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Despite bans and high fines, people continue to smuggle baby formula out of Hong Kong and into China. Residents of Hong Kong have pressured the government to stop the export of milk powder.
Mixed up in the masses of people at the border between mainland China and Hong Kong are smugglers carting around suspicious looking packages on trolleys. They are trying to smuggle white powder over the border. No, not drugs. Baby formula. Customs inspectors and border police stop them. Taking baby milk powder out of Hong Kong and into China has become a criminal offense.
"Without special permission by the Hong Kong government, no one is allowed to export baby milk from Hong Kong into other markets," according to Ko Wingmang of Hong Kong's Food and Environmental Hygiene Department. "For personal use, we allow each visitor to take with them a maximum of 1.8 kg - that is usually around two containers."
High-risk milk powder
The new law has been in place since the beginning of March. Ten smugglers were stopped at the border on the very first day it became effective. One of them was carrying 50 boxes of milk, hidden in luggage.
Those who get caught face high penalties - up to two years imprisonment and a 50,000-euro fine. It seems like drastic measures for a little bit of milk. But Hong Kong's government had to act; pressure from the population simply became too great.
Ahead of the ban, professional smugglers bought up all the drugstores' and supermarkets' supply and sent it to mainland China.
"I tried and tried to find milk powder," one mother in Hong Kong said. "I was just released from hospital and only had one tin left. I went to more than a dozen drugstores but I walked out of all of them empty handed."
Since the ban came into effect, it has been easier for people in Hong Kong to find baby formula. But a lot of the powder still ends up crossing the border into China.
Milk powder tourism
Last year, over 35 million mainland Chinese tourists traveled to Hong Kong. That was a new record. And many of the tourists went with the goal of buying safe, quality baby food.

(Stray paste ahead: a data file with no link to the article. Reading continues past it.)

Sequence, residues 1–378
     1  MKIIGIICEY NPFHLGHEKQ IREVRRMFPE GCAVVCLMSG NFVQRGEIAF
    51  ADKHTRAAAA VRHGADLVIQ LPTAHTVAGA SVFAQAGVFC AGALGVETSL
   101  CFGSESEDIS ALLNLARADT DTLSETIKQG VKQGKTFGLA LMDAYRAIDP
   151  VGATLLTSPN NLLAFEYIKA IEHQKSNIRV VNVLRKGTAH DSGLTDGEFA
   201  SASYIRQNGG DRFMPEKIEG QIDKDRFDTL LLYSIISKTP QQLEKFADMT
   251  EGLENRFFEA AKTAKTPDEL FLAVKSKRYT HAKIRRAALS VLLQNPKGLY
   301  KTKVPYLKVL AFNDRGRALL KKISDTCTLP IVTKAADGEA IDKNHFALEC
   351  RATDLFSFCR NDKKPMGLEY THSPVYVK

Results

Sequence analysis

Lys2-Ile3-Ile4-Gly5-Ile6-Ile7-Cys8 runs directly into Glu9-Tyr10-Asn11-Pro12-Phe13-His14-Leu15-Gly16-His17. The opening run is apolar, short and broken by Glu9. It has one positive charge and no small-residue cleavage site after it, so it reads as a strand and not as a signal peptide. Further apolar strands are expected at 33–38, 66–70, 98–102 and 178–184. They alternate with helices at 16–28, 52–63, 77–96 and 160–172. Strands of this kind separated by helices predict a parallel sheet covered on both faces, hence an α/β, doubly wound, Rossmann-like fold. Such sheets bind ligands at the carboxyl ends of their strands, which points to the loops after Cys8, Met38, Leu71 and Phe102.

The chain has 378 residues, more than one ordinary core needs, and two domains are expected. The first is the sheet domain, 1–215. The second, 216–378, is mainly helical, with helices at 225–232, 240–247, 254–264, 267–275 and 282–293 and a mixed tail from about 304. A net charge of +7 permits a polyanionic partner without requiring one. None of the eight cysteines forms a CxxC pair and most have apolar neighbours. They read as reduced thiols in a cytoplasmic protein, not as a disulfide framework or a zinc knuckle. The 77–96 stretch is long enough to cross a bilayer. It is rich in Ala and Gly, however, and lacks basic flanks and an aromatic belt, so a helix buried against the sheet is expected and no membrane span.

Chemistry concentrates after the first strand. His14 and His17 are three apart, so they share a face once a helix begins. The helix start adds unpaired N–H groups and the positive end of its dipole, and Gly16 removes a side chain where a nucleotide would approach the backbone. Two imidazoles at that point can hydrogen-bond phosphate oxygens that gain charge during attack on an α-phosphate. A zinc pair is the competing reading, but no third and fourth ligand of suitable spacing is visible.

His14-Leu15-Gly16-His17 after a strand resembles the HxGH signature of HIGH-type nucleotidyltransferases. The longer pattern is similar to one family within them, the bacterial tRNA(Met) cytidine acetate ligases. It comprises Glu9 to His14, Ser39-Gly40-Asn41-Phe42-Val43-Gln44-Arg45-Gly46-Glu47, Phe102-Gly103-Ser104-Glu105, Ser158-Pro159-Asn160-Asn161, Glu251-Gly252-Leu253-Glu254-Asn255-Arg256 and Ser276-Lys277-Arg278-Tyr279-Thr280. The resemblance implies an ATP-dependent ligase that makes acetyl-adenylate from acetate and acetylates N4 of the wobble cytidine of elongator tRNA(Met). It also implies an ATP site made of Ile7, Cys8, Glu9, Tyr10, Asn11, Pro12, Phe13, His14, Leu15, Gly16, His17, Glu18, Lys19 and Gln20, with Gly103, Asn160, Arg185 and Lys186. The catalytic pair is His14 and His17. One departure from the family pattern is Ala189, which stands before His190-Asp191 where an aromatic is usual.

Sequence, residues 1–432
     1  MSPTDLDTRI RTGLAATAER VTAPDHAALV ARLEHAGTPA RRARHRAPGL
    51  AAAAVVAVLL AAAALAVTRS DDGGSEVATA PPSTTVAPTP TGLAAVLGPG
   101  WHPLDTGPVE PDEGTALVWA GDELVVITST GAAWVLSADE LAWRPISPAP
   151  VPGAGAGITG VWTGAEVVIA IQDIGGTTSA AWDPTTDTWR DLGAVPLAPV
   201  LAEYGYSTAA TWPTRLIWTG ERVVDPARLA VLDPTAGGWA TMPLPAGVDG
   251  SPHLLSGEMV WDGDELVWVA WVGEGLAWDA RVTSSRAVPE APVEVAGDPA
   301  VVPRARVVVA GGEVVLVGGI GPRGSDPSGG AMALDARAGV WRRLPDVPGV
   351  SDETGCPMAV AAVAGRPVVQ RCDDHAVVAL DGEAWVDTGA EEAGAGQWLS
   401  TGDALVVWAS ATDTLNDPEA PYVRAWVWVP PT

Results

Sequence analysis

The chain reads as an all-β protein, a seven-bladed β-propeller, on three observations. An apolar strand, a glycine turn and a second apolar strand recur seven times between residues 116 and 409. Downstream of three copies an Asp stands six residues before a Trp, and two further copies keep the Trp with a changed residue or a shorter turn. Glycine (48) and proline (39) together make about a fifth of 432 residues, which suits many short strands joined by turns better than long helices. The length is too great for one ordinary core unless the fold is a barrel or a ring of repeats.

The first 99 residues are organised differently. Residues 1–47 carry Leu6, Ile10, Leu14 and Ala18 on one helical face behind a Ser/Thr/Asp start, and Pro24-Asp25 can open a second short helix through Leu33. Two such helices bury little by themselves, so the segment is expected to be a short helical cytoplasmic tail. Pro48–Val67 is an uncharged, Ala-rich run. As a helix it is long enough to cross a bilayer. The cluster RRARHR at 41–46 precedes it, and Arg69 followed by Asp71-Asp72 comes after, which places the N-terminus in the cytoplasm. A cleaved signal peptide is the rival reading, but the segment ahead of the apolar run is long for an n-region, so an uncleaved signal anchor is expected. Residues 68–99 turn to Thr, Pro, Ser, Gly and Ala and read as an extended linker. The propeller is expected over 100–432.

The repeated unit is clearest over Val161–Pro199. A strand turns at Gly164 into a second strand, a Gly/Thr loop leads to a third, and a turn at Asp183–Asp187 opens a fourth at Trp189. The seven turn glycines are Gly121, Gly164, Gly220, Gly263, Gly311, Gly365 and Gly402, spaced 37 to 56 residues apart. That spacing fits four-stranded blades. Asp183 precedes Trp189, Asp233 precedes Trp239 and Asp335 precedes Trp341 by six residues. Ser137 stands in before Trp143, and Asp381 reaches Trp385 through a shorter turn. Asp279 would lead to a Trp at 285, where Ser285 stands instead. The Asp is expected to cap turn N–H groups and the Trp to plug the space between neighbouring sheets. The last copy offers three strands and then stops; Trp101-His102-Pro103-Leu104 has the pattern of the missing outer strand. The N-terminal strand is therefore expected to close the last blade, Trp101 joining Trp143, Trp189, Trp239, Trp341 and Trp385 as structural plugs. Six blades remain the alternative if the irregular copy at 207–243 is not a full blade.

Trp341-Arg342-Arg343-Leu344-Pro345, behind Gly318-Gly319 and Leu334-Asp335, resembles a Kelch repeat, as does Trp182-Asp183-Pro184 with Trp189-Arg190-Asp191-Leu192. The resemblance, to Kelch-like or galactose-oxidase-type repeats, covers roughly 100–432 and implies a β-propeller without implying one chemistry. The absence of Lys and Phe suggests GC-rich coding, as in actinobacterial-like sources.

In 2008, six small children died in China after drinking milk contaminated with melamine. Hundreds of thousands more got sick. The scandal shook Chinese parents' confidence in baby milk; they no longer trust the authorities' quality controls.
Hong Kong, on the other hand, has its own controls in place.
Many people are worked up about the baby milk problem. But it is really symbolic of a larger problem - many people in Hong Kong feel overwhelmed by the masses of mainland Chinese flooding into the city.
"Small shops, like noodle shops and family-owned stores have been losing business to the larger, more luxurious stores the mainland Chinese like to shop in," says Audrey Eu of the Pro-Democracy Civil Party. "Mainland Chinese buy apartments and stores here. People from Hong Kong, on the other hand, cannot keep up with the prices. And now there are new plans to let mainland Chinese in with cars. Our streets are already too small and besides that, we do not appreciate the way many Chinese drive. It is extremely intolerable for a lot of Hong Kong people."
The relationship between Hong Kong and mainland Chinese people is more strained now than it has ever been since Hong Kong was handed over to Chinese control 16 years ago. Many of the city's inhabitants are demanding greater isolation from the mainland - regardless of the milk powder problem.
They criticize the policies of Hong Kong's government, saying it is not doing enough to represent the interests of the people. The head of the city's government paid a visit not long ago to the new leadership of China. But the recent tension between people from Hong Kong and mainland China was not brought up.